Father Michael F.X. Hinkley
Not long ago, a poll revealed that 66 percent of Connecticut residents believe the death penalty is a proper punishment for the crime of murder.
Among the respondents to the Connecticut poll, 55 percent see the death penalty as an effective deterrent to murder. If killing a murderer isn’t a real deterrent to murder, why do it? Some commentators observe that the state and federal governments will save money with capital punishment. Others see the death penalty as a way for the community and families of victims to find revenge for crime. More than one psychologist has described capital punishment as a way for society to find a greater sense of control while feeling serious crimes and some members of our society are out of control.
Many in public service take these popular opinions as clear indications that our state should employ capital punishment. It’s the “eye for an eye” theory that seeks justice by rendering a punishment commensurate with the crime. If an individual commits murder he or she is a danger to society and for the sake of justice ought to be put to death.
Martin Luther King Jr., a minister and a social activist, once proclaimed: “The old law of an eye for an eye leaves the whole world blind.” Capital punishment strikes not only at the individual mores and accountability of an individual but also at the moral rectitude of society.
A few years ago, a national publication included a circular that featured brief interviews with 25 men and one woman on death row. Some were sentenced to death by electrocution and some by lethal injection; one was sentenced back in 1982, others more recently. This powerful testimony revealed that these individuals convicted for having committed grave crimes retain their ability to seek reconciliation and atonement for their sins. Several of the inmates spoke of their reawakening of faith and sense of God’s mercy. Others practice daily prayer and regular reading of Scripture.
One man sentenced to either lethal injection or electrocution responded to a question concerning the problems of today’s world: “Well, the world is growing every day in technology, but it’s basically regressing. … If we don’t change, man’s going to destroy himself. I mean, we see, you got chaos all around the world now; nobody has love for everyone anymore. You got life doesn’t mean anything anymore. And so forth. So we got to change our perspective on life.”
With lives rooted in the Gospel, we do have to change our perspective on life! In this way, there have been moral voices calling us to rethink the use of capital punishment.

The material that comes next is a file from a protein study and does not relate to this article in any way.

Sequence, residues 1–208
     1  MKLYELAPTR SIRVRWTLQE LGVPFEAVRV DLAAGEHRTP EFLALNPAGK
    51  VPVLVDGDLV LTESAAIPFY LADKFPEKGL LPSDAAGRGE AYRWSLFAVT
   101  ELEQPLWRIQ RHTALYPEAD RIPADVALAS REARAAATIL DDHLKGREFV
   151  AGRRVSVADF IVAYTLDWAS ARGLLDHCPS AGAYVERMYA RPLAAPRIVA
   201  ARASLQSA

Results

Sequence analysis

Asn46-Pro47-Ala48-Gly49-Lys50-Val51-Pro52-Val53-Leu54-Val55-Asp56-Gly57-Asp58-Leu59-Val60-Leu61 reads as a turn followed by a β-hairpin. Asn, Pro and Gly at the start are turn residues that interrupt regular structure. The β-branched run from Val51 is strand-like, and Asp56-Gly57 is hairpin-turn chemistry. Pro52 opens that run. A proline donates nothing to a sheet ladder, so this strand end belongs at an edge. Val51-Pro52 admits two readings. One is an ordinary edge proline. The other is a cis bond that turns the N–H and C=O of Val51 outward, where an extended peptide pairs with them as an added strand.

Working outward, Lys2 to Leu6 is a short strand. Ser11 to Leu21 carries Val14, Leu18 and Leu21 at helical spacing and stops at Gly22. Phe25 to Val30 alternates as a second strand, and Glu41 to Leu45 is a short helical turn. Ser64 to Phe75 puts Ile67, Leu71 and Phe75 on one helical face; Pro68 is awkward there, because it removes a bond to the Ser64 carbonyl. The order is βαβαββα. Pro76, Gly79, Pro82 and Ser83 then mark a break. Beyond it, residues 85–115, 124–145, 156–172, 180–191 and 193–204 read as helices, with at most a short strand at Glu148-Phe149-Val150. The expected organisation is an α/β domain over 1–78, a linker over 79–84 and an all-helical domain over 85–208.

During Pope John Paul II’s pastoral visit to the United States in 1999, his voice was strong in defense of inalienable dignity of those on death row: “A sign of hope is the increasing recognition that the dignity of human life must never be taken away, even in the case of someone who has done great evil. Modern society has the means of protecting itself, without definitively denying criminals the chance to reform. I renew the appeal … for a consensus to end the death penalty, which is both cruel and unnecessary.”
The position taken by the Pope is echoed by the Cathechism of the Catholic Church: “If bloodless means are sufficient to defend human lives against an aggressor and to protect public order and the safety of persons, public authority should limit itself to such means, because they better correspond to the concrete conditions of the common good and are more in conformity to the dignity of the human person” (CCC, 2267).
The example of the woman guilty of adultery in the Gospel of John is all the instruction we need on the value of life. In this vivid scene, the scribes and the Pharisees correctly point out that the law of Moses calls for an adulteress to be stoned. With the woman standing before a crowd, the authorities questioned Jesus on whether she should be stoned or not. While the law morally permitted a severe and possibly fatal punishment for her sin, Jesus responded: “Let the man among you who has no sin be the first to cast a stone at her” (Jn 8:7). Thus, Jesus sought mercy and compassion for the one guilty of serious sin.
By employing bloodless means of securing justice and public safety, the State of Connecticut has the opportunity to concretely demonstrate care for members of our society and affirm their human dignity. As disciples we must trust that the Lord’s example of mercy can lead to the conversion of even the hardest of hearts: “Forgive us our trespasses as we forgive those who have trespassed against us.”
Father Hinkley is Pastor of Blessed Sacrament Parish and the Shrine of St. Anne for Mothers, both in Waterbury.